Here at NML, one of our senior developers (and chief instigators of office humour), Charl, likes to keep the team on its toes with a regular coding challenge. They’ve become so popular – with prizes and instant office-cred involved – we’ve dubbed it the NML Charllenge.
In the spirit of open-source inspiration, here’s the latest one. If you’d like to tackle it, email your solution to us at firstname.lastname@example.org with the subject line: Coding Challenge.
Write a Run-Length encoding algorithm to encode a piece of text and be able to decode the result back to the original.
You can use any language of your choice, and send as many versions as you want. Your submission will be evaluated on the following:
Correct output for encoding and decoding (non-negotiable)
To recap, a run-length encoder takes a stream and encodes it by counting repeating bytes/characters and then outputting it as the number of the byte/characters that was repeated, plus the byte/character. So “aabbcde” will be “2a2b1c1d1e”.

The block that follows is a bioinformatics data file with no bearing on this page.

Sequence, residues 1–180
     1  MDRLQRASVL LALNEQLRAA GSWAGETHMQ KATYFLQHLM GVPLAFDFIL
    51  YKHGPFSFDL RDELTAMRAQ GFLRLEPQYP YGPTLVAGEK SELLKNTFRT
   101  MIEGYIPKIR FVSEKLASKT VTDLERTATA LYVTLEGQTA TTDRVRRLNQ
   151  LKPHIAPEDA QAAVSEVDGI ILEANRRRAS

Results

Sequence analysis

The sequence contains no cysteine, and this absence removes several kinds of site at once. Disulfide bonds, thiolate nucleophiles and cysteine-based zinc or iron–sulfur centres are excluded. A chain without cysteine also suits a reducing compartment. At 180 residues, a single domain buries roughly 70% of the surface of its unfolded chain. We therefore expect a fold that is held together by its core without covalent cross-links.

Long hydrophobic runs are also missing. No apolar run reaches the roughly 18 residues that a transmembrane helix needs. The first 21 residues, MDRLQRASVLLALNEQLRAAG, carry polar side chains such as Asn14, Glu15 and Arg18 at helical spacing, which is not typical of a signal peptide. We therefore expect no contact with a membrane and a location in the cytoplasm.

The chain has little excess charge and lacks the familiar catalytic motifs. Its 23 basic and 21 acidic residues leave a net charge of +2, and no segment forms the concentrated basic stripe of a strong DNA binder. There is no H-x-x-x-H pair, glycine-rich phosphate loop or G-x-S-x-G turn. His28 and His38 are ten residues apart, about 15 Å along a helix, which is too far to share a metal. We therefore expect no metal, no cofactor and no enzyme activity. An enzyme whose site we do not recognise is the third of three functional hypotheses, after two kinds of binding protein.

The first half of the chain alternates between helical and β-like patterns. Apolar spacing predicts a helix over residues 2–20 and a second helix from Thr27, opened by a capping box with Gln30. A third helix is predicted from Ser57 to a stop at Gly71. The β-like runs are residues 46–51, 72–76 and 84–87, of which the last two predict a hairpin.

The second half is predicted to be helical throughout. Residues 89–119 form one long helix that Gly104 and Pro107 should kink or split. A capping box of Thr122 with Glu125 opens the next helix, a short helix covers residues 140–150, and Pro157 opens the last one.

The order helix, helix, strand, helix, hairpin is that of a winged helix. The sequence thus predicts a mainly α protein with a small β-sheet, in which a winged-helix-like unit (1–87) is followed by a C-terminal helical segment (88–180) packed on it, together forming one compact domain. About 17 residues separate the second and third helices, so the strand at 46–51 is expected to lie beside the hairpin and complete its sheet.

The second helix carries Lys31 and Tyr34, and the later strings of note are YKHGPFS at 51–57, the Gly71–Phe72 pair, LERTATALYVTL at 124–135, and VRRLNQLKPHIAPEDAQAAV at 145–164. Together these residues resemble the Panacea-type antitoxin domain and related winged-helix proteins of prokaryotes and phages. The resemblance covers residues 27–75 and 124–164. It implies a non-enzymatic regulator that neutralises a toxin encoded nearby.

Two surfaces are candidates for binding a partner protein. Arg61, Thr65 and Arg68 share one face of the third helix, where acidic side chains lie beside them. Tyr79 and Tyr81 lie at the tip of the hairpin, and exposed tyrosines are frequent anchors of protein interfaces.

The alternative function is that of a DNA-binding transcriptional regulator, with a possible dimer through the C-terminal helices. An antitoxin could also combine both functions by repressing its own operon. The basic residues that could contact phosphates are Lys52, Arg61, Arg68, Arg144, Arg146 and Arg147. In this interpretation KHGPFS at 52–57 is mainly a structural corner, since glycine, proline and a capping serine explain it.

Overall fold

Below is the runtime encode string you should be able to decode. A special prize for the first person to send in the decode text and tell us the name of the author. (We’ll know if you cheated by trying to figure out the latter before the former.)
(Note that the results of the any encode should be able to serve as the input for the next decode and that again for the next encode, without any loss of fidelity.)